It’s at this point that you may be wondering how in 1998, with no Wikipedia, no streaming, no Amazon, and no jazz-loving friends, I found my way in and figured out what I would like and buy. What I realized pretty early on, through CD booklet liner notes, recording information and player line-ups, was two things. First, that in the ‘50s and ‘60s all (or most) roads led through Hackensack (’52-’59) and Englewood Cliffs (’59 onwards), New Jersey and the recording studios of Rudy Van Gelder.
Second, that with a few exceptions, there were no set “bands” or “groups” to speak of; jazz musicians would gather at Rudy’s studios in ever-changing combinations under a particular “session leader,” and recordings would be made under that musician’s name. Sometimes a session had a planned setlist of standards (popular numbers that the musicians could improvise on) and new compositions, and other times the players would just jam and see what happened.
Thankfully, session information was meticulously noted at the time of recording, and included in album notes, so it wasn’t hard to figure out which performers liked to play together (Grant Green liked to work with Ike Quebec, Sonny Clark and Jimmy Smith), and who not only performed but also composed for some of the greats like Duke Jordan, Duke Pearson, and Wayne Shorter.
I started following threads, figuring out which supporting musicians I liked on the recordings I had, getting a few albums where they headlined, then finding new side players to explore. Hence the progression from those first three CDs to Rollins, Evans and Coltrane.
From my Miles Davis compilations, I zeroed in on his first “great quintet” with John Coltrane, Red Garland, Paul Chambers and Philly Joe Jones. The five albums they made together (Miles, Relaxin’, Steamin’, Workin’ and Cookin’), the result of three marathon recording sessions in 1955 and 1956, were soon added and became fast favorites.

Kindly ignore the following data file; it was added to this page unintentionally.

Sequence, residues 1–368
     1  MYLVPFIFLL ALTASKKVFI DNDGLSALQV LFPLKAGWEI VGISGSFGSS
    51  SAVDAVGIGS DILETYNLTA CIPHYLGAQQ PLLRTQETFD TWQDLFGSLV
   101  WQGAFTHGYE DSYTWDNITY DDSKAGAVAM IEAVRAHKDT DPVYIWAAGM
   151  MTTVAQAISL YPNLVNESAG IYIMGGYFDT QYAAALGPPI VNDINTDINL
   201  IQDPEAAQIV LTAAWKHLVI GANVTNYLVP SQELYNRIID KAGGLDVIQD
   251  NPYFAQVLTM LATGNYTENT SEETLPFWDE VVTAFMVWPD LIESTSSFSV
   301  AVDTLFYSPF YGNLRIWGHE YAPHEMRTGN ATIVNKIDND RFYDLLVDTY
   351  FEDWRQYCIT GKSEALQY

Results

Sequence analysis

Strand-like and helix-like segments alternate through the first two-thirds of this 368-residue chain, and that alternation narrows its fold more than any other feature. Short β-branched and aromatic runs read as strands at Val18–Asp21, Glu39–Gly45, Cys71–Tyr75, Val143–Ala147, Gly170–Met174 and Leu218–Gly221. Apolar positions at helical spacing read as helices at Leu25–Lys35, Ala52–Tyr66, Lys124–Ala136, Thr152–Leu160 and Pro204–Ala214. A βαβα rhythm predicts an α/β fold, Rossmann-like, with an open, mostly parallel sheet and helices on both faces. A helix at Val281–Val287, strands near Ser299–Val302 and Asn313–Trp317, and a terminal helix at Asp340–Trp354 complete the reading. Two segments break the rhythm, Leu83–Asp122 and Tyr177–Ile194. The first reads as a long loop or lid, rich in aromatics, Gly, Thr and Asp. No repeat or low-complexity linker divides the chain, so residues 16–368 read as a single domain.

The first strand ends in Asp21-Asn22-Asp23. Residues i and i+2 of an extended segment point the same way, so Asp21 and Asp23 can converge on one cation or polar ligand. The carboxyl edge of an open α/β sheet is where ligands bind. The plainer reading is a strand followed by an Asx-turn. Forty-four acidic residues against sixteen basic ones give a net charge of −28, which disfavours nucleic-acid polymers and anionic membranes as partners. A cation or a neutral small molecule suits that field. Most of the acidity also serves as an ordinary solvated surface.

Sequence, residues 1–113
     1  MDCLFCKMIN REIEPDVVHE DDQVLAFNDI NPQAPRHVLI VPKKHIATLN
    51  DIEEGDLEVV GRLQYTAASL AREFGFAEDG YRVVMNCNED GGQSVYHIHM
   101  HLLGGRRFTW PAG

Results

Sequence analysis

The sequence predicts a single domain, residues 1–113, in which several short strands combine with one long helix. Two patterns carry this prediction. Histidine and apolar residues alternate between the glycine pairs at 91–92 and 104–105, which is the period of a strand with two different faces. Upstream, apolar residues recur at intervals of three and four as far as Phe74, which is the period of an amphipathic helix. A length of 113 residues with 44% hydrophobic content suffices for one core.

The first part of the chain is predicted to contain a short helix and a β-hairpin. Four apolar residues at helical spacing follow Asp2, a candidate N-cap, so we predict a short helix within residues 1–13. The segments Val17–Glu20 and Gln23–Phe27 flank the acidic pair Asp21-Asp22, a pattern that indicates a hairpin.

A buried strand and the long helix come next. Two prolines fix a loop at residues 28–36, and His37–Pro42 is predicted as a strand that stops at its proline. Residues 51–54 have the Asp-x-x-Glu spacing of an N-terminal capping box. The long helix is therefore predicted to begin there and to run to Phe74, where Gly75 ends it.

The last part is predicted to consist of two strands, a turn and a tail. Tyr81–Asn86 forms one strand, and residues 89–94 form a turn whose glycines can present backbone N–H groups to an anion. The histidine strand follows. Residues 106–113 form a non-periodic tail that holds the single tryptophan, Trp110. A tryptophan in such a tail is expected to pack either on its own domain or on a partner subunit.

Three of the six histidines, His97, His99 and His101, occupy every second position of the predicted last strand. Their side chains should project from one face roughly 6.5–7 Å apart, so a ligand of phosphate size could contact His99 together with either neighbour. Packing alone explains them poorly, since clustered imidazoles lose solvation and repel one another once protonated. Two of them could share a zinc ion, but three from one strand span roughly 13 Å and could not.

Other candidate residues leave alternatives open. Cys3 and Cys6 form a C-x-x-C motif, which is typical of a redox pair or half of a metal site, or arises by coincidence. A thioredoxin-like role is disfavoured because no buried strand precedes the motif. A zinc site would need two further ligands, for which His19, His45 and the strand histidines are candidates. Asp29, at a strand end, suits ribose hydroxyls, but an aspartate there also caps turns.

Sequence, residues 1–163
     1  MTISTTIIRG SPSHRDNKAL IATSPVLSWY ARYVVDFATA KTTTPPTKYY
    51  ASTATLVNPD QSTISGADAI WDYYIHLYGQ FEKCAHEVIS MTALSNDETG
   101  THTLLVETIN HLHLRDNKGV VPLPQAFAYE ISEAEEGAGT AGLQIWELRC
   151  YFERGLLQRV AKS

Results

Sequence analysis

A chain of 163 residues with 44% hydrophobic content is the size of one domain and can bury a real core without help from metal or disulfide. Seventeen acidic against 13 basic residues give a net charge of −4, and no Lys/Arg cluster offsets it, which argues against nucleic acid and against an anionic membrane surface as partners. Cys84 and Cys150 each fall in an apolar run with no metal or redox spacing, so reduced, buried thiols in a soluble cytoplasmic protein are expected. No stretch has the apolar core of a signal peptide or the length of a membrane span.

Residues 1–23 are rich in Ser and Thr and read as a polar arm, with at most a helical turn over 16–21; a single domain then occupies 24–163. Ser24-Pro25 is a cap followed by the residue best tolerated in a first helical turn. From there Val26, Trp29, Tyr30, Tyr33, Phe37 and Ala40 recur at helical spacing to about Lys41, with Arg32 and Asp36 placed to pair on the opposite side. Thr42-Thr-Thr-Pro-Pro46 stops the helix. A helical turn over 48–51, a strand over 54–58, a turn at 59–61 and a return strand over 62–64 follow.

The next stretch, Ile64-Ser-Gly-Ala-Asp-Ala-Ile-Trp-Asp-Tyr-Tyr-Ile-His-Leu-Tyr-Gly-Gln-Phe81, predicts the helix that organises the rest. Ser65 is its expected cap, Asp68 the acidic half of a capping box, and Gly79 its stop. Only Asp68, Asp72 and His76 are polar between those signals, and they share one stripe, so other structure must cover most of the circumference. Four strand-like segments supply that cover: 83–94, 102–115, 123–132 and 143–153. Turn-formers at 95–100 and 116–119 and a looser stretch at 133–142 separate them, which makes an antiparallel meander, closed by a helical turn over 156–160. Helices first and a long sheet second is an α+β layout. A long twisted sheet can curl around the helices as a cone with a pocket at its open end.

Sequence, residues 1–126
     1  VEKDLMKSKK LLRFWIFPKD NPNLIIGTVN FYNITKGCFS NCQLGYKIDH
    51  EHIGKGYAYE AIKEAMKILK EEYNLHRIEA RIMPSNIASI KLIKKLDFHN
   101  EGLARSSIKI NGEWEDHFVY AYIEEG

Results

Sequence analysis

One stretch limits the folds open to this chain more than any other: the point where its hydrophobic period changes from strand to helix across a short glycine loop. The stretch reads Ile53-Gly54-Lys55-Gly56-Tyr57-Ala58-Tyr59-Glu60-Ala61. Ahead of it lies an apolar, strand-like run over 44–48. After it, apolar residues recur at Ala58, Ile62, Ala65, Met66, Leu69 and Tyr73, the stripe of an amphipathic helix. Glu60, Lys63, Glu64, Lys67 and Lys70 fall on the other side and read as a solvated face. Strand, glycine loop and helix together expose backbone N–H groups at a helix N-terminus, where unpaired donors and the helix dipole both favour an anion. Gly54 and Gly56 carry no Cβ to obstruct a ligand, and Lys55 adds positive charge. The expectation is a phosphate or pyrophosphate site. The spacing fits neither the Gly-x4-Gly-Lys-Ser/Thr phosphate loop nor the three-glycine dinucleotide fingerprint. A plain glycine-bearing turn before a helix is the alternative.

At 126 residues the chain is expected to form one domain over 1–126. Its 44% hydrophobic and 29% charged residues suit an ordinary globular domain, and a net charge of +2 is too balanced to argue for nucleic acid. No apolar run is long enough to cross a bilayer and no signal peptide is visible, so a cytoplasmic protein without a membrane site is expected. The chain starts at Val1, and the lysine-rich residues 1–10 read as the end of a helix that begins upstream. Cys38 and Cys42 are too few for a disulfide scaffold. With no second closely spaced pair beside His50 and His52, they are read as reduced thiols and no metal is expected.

Coltrane led me to McCoy Tyner, Garland to Donald Byrd and Coleman Hawkins. Kind Of Blue introduced me to Cannonball Adderley and Wynton Kelly. Those first two compilations aroused curiosity in Milt Jackson and Horace Silver. And on it went, and became my methodology forever.
To be honest, I envy the jazz newbie of today. Admittedly, my discovery process was assisted with some amazing books about the great recordings and history of jazz (the Penguin Guide to Jazz and Richard Cook’s Blue Note Records are good starting points). I’d have loved though to be able to fire up Tidal, Qobuz or YouTube and try before I bought (yes, there were some recordings purchased that didn’t wow me), jump on Wikipedia to instantly learn about artists and records, and learn from folks on Facebook music groups, Instagram and websites like ecoustics.
If you’re just getting into jazz, I hope I’ve been able to give some pointers here that will help you find your way. There’s lots to explore, and the journey is infinitely rewarding. New fans and long-time afficionados, drop by my Instagram at @audioloveyyc to share war stories and recommendations. And remember, if you’re stuck for where to begin on the journey, or just what to play next, it can’t hurt to start with Miles.
Where to buy: Miles Davis Albums on Amazon